A mear few decades ago there were no laws applied in our culture to prevent a man for beating his wife or a his children. It was his right. He could even beat them severly and even if the entire community knew it, more often than not they would simply look the other way and not say a word. It wasn't their business. When they died because of it we used to say things like: «She had such a fragile health and was often sick or weakenned.» or «He was such a little boy/girl, no surprise he died so suddenly.». Only in exceptionnal circomstances were the parents ever procecuted. One could question what sort of barbarian were we. We were the kinf of «barbarians» that normalised a certain form violence and unconsciously decided to ignore it instead of facing it.

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21-10-2015, 11:32 AM
RE: Talmud, OT and morality of god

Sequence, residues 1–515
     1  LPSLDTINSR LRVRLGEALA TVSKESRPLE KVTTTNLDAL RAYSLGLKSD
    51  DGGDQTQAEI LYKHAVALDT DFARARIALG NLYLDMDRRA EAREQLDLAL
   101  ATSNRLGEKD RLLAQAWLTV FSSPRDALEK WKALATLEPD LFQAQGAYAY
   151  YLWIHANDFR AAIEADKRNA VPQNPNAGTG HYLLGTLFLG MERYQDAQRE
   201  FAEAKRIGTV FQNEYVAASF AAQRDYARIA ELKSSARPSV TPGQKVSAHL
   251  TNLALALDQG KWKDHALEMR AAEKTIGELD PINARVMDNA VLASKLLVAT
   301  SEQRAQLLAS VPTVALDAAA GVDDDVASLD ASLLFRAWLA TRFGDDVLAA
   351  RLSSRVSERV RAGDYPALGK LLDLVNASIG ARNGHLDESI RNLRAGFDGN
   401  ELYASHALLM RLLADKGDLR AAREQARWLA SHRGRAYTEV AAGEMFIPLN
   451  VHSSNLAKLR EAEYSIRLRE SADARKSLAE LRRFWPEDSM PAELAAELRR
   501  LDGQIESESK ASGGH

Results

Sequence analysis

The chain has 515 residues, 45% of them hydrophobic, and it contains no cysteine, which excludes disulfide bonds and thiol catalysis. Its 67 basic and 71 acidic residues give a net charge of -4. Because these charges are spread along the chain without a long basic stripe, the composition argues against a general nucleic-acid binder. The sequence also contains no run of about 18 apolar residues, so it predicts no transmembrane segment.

(21-10-2015 11:02 AM)popsthebuilder Wrote:  If God created everything then it created our morality as well, regardless of If you believe it or not.

True, but you have yet to provide any evidence that this god exists or that it created anything. If the Flying Spaghetti Monster created everything then it created our morality. If a hyper-intelligent, pan-dimensional shad of the color blue created everything then it created our morality.

Your claims are every bit as empty.

Atheism: it's not just for communists any more!
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21-10-2015, 11:42 AM
RE: Talmud, OT and morality of god
(21-10-2015 11:24 AM)Aliza Wrote:  The reason that the Torah is written in such hyperbolic language is not a conversation that I'm prepared to have at this time. Suffice it to say, throughout Jewish history, the Jews have taken cues from the Talmud on how to apply the law and have not followed the vague and often confusing writings of the Torah literally. –That is not to say that we haven’t done some stupid things in the past, and even some stupid things today because of our holy books. It’s just that we don’t condone violence on account of our scriptures.